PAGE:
SENIOR STATE DEPARTMENT OFFICIAL: Okay. Well, thank you, Matt. The Secretary and the state councilor had a pretty extensive discussion about the threat from ISIL as well as the problem of foreign fighters. This ties in, of course, to the broader issue of international cooperation on counterterrorism.
The Chinese have publicly indicated that they don’t “join coalitions,” but at the same time, they have made clear that they share our view and the international view that the threat posed by ISIL is a serious one that requires considerable efforts along multiple lines of effort. The Secretary and the state councilor talked about what our respective strategies are, where we see areas that require greater effort and greater cooperation, and they discussed also how the U.S. and China can coordinate better over the coming weeks to make sure that we’re each doing everything that we can on this account.
They also talked about the issue of the bilateral investment treaty. Now this was not, as I said earlier, a negotiating session. But there was a strong shared view that promoting investment in both directions and ensuring that there is a solid legal framework governing investments between us is a high priority. And they took stock of the work that our teams have underway and agreed to each go back to their respective capitals and encourage continued progress.
As far as the upcoming bilats by the Secretary in Southeast Asia, I think we can plan a separate conversation to go into that as a preview in a little more depth.
MODERATOR: Great. We’re ready for the next question.
OPERATOR: Thank you. We’ll hear from Elliot Waldman with Tokyo Broadcasting. Please go ahead.
QUESTION: Yeah, hi. Can you hear me?
MODERATOR: We can.
QUESTION: Okay, great. Thanks for doing this. I just wanted to go back sort of along the lines of Matt’s question. And on the problem areas, the third bucket that you identified, did you get a sense that the sort of more informal environment contributed to any kind of softening of tone at all from the Chinese, especially on the issue of cyber where there’s been particularly – at least in their public statements, particularly vociferous and rebutting U.S. claims? So did this new kind of informal dialogue spur any kind of, I don’t know, softer tone from the Chinese on these issues?
SENIOR STATE DEPARTMENT OFFICIAL: Great. Well, let me be very clear: We’re not looking for a softening of tone on the part of the Chinese when it comes to cyber or other areas of significant difference. We are looking for an improvement in behavior. What the conversation over the last 24 hours between Secretary Kerry and the state councilor allowed was an exploration of what we see as the problem, what we see as the downstream consequences if China doesn’t take steps to adjust behavior and to remedy these problems, and how we think a process could be shaped that would lead to outcomes and adjusted policies that work within the Chinese system but that are more respectful of international rules and norms.
Now I’m very much of the view that the kind of – the informal and relaxed structure of these conversations allowed both of the top diplomats to probe, to explore, and to get off the defensive in ways that are harder in large-structured meetings. But again, these are difficult issues and we’re embarked on a long-term effort to positively influence Chinese behavior on problem areas.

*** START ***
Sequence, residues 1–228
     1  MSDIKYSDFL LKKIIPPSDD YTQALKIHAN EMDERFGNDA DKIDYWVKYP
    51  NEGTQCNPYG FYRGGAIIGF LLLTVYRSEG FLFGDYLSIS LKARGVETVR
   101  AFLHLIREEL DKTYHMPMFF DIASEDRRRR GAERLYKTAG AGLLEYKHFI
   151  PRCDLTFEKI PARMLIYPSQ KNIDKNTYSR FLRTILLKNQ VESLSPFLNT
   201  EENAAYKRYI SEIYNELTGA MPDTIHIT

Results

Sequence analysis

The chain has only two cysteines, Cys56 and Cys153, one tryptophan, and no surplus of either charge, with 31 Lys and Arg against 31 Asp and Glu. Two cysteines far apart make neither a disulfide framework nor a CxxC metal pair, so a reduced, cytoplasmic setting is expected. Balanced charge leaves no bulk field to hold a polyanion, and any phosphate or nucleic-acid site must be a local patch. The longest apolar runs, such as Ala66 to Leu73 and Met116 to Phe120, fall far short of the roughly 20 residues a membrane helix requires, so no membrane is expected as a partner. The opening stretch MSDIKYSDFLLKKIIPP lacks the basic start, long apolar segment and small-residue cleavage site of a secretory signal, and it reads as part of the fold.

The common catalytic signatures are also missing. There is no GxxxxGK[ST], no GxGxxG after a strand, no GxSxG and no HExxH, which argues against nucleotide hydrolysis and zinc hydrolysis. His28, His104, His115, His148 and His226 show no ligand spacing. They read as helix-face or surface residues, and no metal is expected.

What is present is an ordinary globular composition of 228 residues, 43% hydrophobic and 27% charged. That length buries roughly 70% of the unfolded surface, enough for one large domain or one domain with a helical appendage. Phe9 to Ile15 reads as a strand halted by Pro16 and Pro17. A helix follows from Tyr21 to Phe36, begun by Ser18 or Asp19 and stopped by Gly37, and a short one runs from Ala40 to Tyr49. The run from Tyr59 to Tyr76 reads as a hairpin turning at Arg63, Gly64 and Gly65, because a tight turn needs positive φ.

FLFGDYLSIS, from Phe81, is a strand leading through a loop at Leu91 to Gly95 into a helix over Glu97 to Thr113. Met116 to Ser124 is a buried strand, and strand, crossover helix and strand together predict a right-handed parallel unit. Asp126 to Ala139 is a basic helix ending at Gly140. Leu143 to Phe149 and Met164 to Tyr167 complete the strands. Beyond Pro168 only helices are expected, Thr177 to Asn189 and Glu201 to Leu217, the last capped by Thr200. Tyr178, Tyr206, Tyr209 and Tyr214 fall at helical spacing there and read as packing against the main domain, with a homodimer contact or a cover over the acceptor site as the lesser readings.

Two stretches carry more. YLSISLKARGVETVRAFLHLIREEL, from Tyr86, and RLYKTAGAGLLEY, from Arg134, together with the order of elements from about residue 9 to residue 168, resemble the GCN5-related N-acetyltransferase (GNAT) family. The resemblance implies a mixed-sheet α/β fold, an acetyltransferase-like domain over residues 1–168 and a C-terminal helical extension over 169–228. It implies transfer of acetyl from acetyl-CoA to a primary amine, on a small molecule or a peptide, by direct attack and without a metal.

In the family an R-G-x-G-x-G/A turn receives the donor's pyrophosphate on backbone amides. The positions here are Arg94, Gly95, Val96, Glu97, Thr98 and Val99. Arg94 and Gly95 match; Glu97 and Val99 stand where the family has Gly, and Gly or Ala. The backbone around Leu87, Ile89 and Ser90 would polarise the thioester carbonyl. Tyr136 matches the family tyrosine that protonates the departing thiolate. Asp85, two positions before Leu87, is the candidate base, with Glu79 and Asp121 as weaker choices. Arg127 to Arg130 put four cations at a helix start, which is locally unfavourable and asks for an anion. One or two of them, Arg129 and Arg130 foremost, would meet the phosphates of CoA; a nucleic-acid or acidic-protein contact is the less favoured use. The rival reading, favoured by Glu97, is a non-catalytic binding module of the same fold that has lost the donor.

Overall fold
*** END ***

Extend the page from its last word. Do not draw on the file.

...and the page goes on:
MODERATOR: Great. We have time for just a few more questions. We’ll go to the next one.
OPERATOR: Thank you. We’ll hear from Lalit Jha from PTI. Go ahead. Your line is open.
QUESTION: Hi, thank you for doing this call.
MODERATOR: Hi, Lalit.
QUESTION: Hi. I wondered if the question of Afghanistan came up during talks with Secretary Kerry when Secretary Kerry held the talks with the Chinese counterpart on Afghanistan post-2014. And did the Secretary express his concern about the human rights situation in Tibet? Thank you.
SENIOR STATE DEPARTMENT OFFICIAL: Okay. Well, thanks for that question. Yes, Secretary Kerry and State Councilor Yang did discuss Afghanistan, and Afghanistan is an area in which the United States has a huge investment in the recovery and in the stability and in the future of that nation. Afghanistan, of course, is a neighbor of China, and the Chinese clearly have a stake in the reconciliation efforts that are underway and in longer-term stability. They exchanged views on the political situation and discussed how each country – and particularly how China can help support the new Afghan Government.
Without going into too much detail about the content of the conversations themselves on sensitive issues, let me just say that the traditional areas of concern with regard to the U.S. and China pertaining to human rights all came up.
MODERATOR: Great. We have time for one more question.
OPERATOR: Thank you, and our last question will come from Masayoshi Tanaka with NHK TV. Please go ahead.
QUESTION: Thank you for doing this. Just to follow up on the Hong Kong protest, what message did Secretary Kerry convey to Mr. Yang? And secondly, are there any discussions on the Japanese – Japan-China relations? If yes, what did they discuss? Thank you.
SENIOR STATE DEPARTMENT OFFICIAL: Well, as I said, I’m not going to go into the specifics of what precisely was said in these conversations. But the Secretary did share with the state councilor our perspective, our views, our hopes, and our concerns with regard to the situation in Hong Kong, both in the short term and beyond.
I know that the Secretary and the state councilor did discuss the situation broadly in the Asia Pacific region, the issue of good relations between China and its neighbors, as well as an exchange of views on the maritime disputes and issues there as well.
MODERATOR: Excellent. Thank you, everybody, for joining the call. Just as a reminder, everything can be attributed to a senior State Department official, and of course, we’ll be sending out the transcript as soon as that’s ready. Thanks for joining us.